One candidate spoke of preserving government’s role in providing services and resources to local residents. Another spoke of reducing government involvement in issues not clearly defined in the U.S. Constitution.
Candidates for the 32nd Congressional District Grace Napolitano (D-Sante Fe Springs) and Republican challenger David Miller discussed their mostly divergent viewpoints during Thursday’s Candidate Forum at the Citrus Valley Association of Realtors in Glendora.
The newly drawn district encompasses the southern portion of Monrovia, as well as San Dimas, La Verne, Baldwin Park, Duarte, El Monte, Azusa, West Covina and a portion of Glendora.
Miller, a Glendora resident who ran an unsuccessful Congressional bid as an Independent in 2010, maintained a strict and literal adherence to the Constitution. His views consistently clashed with Napolitano, incumbent representative for the 38th Congressional District, who favored Democrat-supported policies such as Obamacare.
Napolitano said she supported pro-education policies and providing services that would bolster an educated workforce, including providing affordable and accessible education to all children and college students.
“We need to make sure we can provide as much education to all of our children,” said Napolitano.. “Without an educated workforce or community we do not have the ability to prosper as well as we can.”
Miller, however, reduced the role of government in education, pointing to Article 1 Section 8 of the Constitution.
“Education is not in the Constitution,” said Miller. “If you can find the role you are asking me to do in this document, I will do it. [As a representative] you hired me to do a job that I am legally bound to do.”
Again citing an absence in the Constitution, Miller argued that healthcare is not a government issue.
“I believe we have a responsibility as individual citizens to care for one another, not as a state, through-force taxation,” said Miller.
But Napolitano pointed to “cracks” in the current healthcare system, where patients with preexisting conditions are constantly refused medical coverage.
While she called the latest healthcare bill passed “long overdue,” she acknowledged that it was “imperfect.”
“Te bill that was passed is not final,” said Napolitano. “We need input from you the residents on where we need to tweak it.”
Bipartisanship was one of few topics Miller and Napolitano found common ground.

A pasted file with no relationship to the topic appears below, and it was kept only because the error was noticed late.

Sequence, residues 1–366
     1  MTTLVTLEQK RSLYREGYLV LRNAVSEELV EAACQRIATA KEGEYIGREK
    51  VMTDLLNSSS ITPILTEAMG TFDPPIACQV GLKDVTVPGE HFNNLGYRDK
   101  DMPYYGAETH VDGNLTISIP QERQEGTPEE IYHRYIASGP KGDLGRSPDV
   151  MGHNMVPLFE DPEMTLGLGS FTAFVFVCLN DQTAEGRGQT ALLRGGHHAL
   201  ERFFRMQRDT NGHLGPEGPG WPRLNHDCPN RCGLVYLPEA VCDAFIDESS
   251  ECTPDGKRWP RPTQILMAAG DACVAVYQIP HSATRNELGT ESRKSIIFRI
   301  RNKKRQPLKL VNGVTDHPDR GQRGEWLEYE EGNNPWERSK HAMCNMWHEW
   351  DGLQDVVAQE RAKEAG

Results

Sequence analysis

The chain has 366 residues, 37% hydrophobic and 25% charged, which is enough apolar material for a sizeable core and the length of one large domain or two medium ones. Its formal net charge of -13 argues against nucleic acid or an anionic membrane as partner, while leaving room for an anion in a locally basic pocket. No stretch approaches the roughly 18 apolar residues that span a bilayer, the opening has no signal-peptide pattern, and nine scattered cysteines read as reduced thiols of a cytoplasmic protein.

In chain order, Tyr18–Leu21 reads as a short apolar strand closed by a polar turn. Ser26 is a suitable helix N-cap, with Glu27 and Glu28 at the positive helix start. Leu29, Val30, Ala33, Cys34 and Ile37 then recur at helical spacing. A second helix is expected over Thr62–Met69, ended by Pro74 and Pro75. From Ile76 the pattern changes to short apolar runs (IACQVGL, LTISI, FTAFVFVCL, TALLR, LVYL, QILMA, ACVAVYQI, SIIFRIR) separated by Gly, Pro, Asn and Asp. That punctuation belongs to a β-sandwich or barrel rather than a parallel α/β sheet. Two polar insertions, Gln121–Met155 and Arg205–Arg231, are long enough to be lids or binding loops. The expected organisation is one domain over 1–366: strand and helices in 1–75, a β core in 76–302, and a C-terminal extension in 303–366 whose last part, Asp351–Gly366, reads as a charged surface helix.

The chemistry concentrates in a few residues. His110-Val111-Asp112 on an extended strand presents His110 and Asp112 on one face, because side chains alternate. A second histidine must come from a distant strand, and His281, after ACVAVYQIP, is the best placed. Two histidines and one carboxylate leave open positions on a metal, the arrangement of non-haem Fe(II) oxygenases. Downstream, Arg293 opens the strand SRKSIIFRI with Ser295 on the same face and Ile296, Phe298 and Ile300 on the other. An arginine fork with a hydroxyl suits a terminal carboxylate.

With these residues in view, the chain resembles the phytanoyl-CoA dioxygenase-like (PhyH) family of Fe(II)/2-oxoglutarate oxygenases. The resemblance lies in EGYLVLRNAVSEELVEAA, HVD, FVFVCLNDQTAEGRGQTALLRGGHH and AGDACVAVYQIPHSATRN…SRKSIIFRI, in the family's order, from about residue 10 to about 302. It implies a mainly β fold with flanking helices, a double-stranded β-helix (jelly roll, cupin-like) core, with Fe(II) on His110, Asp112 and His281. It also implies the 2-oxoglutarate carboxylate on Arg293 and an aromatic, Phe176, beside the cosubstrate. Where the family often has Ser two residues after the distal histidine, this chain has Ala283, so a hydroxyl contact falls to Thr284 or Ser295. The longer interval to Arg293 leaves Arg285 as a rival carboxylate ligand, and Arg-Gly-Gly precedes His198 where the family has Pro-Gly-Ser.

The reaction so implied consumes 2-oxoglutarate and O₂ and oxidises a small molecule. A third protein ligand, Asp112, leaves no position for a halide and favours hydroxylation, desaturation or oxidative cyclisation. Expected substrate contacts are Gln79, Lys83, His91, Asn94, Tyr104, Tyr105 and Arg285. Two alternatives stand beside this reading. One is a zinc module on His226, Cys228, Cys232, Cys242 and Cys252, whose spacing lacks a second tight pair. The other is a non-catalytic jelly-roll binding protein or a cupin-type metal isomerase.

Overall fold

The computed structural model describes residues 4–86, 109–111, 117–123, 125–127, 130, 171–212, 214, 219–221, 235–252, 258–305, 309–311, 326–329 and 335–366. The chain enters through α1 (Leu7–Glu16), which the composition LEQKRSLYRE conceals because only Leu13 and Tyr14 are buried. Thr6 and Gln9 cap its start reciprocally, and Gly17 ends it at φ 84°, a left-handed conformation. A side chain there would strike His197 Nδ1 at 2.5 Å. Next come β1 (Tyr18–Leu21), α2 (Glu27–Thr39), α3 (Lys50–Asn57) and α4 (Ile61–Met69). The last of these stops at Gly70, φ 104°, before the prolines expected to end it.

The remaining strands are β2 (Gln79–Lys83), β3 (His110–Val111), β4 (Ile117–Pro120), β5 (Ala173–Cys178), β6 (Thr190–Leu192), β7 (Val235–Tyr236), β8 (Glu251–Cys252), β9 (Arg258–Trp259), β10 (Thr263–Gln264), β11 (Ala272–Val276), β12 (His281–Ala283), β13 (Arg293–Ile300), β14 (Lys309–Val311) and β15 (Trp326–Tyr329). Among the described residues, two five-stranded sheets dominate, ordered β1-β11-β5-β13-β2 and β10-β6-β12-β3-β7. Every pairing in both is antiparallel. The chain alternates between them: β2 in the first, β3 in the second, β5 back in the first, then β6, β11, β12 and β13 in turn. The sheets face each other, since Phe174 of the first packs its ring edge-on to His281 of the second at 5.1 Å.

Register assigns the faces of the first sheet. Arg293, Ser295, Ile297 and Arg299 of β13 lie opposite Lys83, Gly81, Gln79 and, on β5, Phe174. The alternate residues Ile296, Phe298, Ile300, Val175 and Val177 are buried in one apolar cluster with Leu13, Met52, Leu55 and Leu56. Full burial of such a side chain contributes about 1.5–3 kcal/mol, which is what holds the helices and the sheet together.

When pressed about her record in voting “along party lines,” Napolitano highlighted her bipartisan voting history. She said as the Chair for the Subcommittee for Water and Power she passed more Republican bills than her own Democratic party’s.
“I worked across the line because I needed to,” said Napolitano. “The effort is there, it depends on the people’s understanding that we need to become representatives not politicians. I bring services to our district. I get it done by working with people who can get it done.”
Miller also put less emphasis on an allegiance to political parties, instead focusing on personal and government values.
“My decisions are based on certain principles and those principles are not relevant to a political party,” said Miller. “Those principles are relevant to the founding document of our nation, which, again, legally I’m allowed to govern in.”
With questions of the nation’s future economy hanging in the balance, candidates were pressed on how they would eliminate a $16 trillion dollar deficit.
Napolitano pointed to cutting down on wasteful government spending by requiring every state agency to cut 10 to 15 percent. But she also urged the voters to be an active voice in offering input on budgetary policies.
“We are getting there slowly but surely,” said Napolitano.
Miller advocated an entire shift in governmental approach.
“Simply put we have to change the way we function and operate,” said Miller. And while he said an abrupt change would be disastrous to communities, he said government’s future goal should be a return to the original intent of the Constitution.